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What does Portia's speech "The quality of mercy is not strain'd..." reveal...
Topic: The Merchant of Venice
What does Portia's speech "The quality of mercy is not strain'd..." reveal about her character in "The Merchant of Venice"?
e.g. does it show that she's a very merciful person (because she later goes on to try and show utmost justice to Shylock), what does it say about her? and what thematic concern would this particular speech be lodged under?
2 Answers | add yours
Portia's entire wonderful speech in Act IV goes as follows:
"The quality of mercy is not strain'd,
It droppeth as the gentle rain from heaven
Upon the place beneath. It is twice blest:
It blesseth him that gives and him that takes." It shows several things about Portia's character. Mercy, however, is not primary among them. A blend of intelligence and boldness come well before mercy. She's a woman arguing law and ethics in a male-dominated society. After that, the next quality is found in the metaphor: it recognizes that mercy, like rain, falls unevenly, and (to extend the metaphor) sometimes fails to soak in. This means, she knows it will not be "absorbed" by Shylock as it should.
As far as themes, this relates to both the theme of mercy and the tension between appearance and reality.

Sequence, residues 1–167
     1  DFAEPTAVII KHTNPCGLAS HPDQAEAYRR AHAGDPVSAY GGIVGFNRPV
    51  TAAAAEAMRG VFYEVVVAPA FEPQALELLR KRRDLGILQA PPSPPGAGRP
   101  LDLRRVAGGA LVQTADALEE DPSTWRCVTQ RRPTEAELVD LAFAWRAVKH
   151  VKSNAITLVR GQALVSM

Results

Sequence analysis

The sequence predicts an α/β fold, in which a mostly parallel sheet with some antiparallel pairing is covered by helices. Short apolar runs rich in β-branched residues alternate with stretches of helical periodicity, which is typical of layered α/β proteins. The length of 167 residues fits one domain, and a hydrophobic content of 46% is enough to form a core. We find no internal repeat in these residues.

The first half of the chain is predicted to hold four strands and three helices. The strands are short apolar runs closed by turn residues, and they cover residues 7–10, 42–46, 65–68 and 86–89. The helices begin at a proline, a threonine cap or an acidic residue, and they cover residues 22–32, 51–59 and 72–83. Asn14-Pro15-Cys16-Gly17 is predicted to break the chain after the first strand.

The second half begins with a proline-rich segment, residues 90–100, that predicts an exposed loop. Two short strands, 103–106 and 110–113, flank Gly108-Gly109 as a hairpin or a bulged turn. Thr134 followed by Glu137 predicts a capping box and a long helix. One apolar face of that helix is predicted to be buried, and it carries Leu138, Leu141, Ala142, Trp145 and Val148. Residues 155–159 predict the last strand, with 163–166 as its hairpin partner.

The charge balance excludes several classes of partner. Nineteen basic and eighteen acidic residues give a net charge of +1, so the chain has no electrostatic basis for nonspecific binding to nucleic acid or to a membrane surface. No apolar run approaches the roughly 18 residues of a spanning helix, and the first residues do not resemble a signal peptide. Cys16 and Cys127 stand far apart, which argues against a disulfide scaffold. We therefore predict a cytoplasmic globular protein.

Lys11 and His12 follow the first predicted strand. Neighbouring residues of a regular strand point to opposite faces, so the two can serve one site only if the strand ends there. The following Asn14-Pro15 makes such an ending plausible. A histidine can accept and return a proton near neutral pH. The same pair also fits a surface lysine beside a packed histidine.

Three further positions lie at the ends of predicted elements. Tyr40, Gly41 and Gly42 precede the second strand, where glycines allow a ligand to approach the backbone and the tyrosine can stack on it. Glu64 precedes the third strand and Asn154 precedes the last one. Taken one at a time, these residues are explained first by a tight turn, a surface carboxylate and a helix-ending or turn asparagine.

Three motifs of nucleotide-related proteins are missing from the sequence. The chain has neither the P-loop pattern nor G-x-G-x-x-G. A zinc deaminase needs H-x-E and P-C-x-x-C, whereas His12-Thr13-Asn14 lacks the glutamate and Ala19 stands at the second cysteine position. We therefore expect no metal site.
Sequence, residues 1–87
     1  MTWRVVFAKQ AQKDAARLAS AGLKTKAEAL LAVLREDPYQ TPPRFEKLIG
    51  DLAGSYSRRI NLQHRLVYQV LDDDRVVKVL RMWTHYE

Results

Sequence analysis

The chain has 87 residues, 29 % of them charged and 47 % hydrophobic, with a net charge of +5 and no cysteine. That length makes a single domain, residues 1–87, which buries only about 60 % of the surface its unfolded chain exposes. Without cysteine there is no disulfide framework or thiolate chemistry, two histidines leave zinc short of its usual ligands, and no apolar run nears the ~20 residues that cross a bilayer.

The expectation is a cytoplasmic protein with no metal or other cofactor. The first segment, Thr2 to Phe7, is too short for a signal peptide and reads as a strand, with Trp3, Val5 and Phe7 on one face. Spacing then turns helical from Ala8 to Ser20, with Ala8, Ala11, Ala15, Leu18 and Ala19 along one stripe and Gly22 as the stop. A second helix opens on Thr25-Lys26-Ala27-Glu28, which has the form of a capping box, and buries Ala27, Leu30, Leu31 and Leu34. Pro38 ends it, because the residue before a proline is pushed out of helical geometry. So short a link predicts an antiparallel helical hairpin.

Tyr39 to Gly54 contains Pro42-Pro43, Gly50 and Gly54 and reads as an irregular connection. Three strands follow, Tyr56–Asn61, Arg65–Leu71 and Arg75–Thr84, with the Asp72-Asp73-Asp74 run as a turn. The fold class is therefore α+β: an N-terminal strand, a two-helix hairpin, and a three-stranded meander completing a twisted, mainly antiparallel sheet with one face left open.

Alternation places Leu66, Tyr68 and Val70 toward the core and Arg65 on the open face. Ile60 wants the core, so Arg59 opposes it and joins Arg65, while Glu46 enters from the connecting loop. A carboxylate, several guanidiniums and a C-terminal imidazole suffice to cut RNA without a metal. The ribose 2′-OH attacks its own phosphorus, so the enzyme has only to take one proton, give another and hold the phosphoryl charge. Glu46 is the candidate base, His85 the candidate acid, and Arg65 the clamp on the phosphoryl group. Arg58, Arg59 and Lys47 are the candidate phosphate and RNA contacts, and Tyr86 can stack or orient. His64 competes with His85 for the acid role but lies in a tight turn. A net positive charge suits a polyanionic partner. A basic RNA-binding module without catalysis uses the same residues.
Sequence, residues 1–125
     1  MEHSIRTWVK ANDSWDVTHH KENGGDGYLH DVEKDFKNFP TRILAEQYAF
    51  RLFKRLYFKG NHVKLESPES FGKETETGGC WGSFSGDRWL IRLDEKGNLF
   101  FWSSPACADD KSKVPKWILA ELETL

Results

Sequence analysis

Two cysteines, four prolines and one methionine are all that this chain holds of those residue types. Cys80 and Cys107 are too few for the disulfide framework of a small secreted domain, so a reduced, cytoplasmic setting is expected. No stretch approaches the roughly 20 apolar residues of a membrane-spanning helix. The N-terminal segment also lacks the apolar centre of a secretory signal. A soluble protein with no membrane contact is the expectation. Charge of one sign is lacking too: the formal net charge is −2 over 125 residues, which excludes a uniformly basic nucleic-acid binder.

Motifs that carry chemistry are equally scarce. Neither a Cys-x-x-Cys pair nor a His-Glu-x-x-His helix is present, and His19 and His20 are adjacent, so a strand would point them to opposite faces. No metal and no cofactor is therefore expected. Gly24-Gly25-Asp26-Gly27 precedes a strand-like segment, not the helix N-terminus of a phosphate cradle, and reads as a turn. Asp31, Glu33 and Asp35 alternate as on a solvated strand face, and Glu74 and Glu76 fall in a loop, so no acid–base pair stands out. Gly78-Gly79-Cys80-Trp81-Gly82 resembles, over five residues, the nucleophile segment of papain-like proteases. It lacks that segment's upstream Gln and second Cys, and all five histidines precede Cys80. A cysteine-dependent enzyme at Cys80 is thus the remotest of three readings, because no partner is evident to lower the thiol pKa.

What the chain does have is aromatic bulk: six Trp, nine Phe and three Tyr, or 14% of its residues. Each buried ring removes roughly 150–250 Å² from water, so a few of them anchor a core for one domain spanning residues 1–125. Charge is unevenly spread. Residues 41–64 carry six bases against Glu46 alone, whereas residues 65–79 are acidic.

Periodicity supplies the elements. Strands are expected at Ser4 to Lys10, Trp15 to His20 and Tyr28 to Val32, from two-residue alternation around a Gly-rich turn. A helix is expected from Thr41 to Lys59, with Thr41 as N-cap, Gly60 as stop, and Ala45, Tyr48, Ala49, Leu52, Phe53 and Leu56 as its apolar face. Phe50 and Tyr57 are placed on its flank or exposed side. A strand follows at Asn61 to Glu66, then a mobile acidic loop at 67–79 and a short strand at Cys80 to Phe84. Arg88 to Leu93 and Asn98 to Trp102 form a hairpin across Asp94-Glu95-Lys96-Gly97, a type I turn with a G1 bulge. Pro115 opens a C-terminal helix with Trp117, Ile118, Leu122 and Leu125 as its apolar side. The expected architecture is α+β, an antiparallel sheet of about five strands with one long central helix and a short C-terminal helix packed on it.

Posted by gbeatty on October 10, 2008 at 9:43 AM (Answer #1)
High School Teacher
Portia shows several characteristics in this speech. The first is that she is intelligent and logical. She also uses strong references to the Christian faith against Shylock, the Jew. Thus, she shows a strong religious belief. Her argument begins with the idea that forgiveness benefits the person doing the forgiving as well as the person forgiven. In an obvious allusion to Christianity, she says that forgiveness and mercy are a part of the character of God and that by seeking justice without mercy Shylock may well damn himself because he will disobey God's law. She is also self-confident. She shows give no apology for her beliefs and in fact implies that hers is the superior faith. This speech contributes to the theme that in showing mercy, one becomes closest to God. In the "love we show towards our friends, the compassion we show those in trouble, and the forgiveness we offer" to those who "sin against us", we show that we love and obey God.
Posted by ms-mcgregor on October 10, 2008 at 10:00 AM (Answer #2)
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